James Libby, a Maine state senator from Standish and visiting professor at the College, has recently proposed legislation that could prohibit schools from providing students with books and educational materials considered to be obscene.
Official Maine law defines materials to be obscene if they depict sexual acts or images of genitals in a manner that is offensive to the average person and also does not have any literary, artistic, political, or scientific value. Under this definition, Libby claims that the bill’s standards are clear enough for schools to make relevant decisions and will protect children from inappropriate content.
Opponents of the bill argue the opposite. Defining material as obscene, they say, can be too subjective. With the censoring of material, students can be deprived of meaningful pieces of education. Another concern is that educators will be unlawfully punished for failing to comply with the bill’s standards.
As the bill is currently written, educators can be charged with a Class C felony if they were to provide obscene material to a student. A Class C felony is punishable by up to five years in jail and a $5000 fine.
Libby has publicly disagreed with the written punishment. He stated that he never intended for teachers or librarians to be criminally punished and is currently working on a bill that will lessen the felony to a cease and desist order, which will fall to the superintendent and school board as the responsible parties.
This bill is part of the growing concern across Maine about educational materials. Samantha Duckworth, Chair of Maine Library Association’s Intellectual Freedom Committee, stated that in many years, no books are challenged. In 2022, there were 12 challenges, and there have been at least eight in the first two months of 2023.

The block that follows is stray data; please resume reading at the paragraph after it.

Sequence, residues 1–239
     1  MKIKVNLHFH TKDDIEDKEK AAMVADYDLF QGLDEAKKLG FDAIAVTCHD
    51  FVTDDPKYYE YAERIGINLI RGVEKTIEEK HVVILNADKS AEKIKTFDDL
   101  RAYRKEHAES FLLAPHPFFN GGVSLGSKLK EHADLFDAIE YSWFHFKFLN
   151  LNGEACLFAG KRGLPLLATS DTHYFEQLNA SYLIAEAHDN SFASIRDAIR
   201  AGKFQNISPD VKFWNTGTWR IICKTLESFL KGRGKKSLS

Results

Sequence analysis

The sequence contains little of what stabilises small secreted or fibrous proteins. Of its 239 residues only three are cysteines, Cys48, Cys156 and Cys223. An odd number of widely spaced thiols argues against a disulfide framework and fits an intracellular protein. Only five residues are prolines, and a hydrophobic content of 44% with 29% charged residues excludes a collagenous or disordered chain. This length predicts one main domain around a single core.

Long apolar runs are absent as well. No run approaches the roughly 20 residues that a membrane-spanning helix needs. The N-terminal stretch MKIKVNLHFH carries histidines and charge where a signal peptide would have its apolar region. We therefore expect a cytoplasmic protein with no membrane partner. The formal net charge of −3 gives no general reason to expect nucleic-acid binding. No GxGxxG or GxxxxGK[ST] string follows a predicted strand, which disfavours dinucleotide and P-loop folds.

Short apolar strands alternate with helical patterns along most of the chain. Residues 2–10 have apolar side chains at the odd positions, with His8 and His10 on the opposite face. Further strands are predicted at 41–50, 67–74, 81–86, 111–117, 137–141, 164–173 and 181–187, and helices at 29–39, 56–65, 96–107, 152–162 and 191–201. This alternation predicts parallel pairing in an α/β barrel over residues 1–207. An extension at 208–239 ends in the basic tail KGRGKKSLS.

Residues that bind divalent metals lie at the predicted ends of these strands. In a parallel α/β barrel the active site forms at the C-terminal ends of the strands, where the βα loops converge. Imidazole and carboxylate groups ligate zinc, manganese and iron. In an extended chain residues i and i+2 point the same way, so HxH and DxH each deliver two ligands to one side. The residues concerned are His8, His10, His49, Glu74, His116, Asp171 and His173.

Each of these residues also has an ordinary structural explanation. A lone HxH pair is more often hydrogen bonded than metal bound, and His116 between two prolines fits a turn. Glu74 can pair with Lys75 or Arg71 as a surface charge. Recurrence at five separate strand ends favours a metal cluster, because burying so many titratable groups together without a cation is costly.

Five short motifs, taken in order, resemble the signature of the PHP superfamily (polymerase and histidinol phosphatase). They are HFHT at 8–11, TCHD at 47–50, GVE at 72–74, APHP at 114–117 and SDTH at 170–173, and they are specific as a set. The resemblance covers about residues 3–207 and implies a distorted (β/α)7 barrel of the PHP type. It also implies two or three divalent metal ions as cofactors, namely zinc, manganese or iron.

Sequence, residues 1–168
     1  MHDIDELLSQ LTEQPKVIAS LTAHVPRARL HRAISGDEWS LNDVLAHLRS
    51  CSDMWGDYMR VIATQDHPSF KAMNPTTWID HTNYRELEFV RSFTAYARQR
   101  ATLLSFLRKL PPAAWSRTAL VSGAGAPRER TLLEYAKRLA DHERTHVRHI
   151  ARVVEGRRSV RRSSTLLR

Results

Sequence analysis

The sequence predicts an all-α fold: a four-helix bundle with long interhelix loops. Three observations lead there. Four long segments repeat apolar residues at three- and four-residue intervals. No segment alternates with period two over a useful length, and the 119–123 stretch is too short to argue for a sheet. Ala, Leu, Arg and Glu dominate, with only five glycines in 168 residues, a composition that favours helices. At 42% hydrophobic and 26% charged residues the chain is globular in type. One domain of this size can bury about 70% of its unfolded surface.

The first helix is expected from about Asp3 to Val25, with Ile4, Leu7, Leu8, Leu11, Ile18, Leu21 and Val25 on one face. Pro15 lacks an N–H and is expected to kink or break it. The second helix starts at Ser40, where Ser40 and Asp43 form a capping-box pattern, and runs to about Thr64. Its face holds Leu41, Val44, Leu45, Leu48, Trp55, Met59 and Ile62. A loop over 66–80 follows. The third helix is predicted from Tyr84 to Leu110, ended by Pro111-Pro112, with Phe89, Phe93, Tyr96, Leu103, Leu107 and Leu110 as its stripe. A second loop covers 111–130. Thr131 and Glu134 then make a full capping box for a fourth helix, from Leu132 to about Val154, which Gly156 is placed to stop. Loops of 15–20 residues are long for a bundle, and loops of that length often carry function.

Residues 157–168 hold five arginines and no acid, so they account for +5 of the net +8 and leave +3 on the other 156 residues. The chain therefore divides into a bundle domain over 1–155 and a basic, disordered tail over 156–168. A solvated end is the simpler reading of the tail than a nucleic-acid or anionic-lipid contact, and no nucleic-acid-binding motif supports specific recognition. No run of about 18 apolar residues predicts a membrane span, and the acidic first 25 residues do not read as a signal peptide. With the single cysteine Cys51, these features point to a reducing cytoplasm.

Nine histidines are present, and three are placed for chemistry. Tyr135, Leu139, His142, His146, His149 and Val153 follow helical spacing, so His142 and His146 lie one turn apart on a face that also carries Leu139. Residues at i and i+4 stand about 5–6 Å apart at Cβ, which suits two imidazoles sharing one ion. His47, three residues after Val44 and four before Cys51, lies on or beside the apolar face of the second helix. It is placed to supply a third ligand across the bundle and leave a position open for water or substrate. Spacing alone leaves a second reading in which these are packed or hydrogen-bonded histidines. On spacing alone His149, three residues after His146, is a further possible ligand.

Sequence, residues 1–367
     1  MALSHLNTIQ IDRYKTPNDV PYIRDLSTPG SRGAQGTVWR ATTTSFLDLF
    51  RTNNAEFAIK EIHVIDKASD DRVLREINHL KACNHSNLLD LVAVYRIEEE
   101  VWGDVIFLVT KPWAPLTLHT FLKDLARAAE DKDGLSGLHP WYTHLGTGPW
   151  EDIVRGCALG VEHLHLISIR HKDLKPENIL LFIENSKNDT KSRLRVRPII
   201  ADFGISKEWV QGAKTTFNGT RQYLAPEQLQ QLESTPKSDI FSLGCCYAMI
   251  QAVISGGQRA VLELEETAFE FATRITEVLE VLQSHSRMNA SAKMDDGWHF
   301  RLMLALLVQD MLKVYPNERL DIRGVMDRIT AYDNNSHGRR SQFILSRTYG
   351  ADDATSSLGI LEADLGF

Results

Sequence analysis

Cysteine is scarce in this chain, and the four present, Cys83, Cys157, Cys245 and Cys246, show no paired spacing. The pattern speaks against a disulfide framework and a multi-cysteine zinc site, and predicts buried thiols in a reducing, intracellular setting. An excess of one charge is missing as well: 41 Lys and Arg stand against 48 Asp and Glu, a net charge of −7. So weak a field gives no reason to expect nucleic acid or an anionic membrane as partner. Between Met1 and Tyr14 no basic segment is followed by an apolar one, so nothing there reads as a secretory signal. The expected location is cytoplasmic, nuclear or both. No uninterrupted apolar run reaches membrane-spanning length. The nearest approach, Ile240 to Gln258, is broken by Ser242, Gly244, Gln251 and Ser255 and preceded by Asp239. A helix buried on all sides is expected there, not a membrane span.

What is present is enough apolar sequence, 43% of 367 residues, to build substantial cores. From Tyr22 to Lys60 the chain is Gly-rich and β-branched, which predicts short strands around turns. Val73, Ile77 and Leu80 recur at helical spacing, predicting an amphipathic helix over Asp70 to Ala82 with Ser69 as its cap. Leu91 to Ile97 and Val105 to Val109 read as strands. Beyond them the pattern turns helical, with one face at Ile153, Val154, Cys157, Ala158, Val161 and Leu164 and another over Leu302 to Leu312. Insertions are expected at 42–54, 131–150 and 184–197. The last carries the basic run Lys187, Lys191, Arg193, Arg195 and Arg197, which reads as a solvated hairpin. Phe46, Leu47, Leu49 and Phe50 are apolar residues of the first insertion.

Similar bills have also been proposed both in Maine and in other parts of the United States. Amy Arata, another Maine state legislator, proposed a bill in 2019 that also tried to prohibit the distribution of obscene materials in schools and warn parents/guardians of explicit materials. The bill did not pass, but Arata claims that the legislation is still necessary.
Much of this controversy stems from one book, Gender Queer: A Memoir, by Maia Kobabe. The book is a graphic novel about a young, non-binary person, and it includes illustrations of sexual acts. According to the American Library Association, Kobabe’s piece is the most banned book in the United States.
On Mar. 1, a meeting of the Windham and Raymond School District Board hosted multiple parent complaints about Kobabe’s book is in school libraries. Many of the parents claimed that the illustrations in the book were too graphic and bordered on pornography. Scott McDonald, a Windham resident said, “We need to have them stop handing out pornography, no matter how you identify or anything else.”
Others at the meeting pushed back against the criticism. A former student, Jake Fuller, responded, “This isn’t how you care about kids. You just care about your bigoted ideas and ignorance. Stop pretending.”
A panel of school board officials is currently reviewing the book, and no timeline has been provided regarding the decision. The book has been mentioned in reference to Libby’s bill as well. Libby mentioned that his bill could result in some pages getting removed but not the entire book.
Concerns from librarians, teachers, parents, and students across Maine continue to arise as the bill and other controversial books continue to be debated.
~ Vivian Nguyen `25
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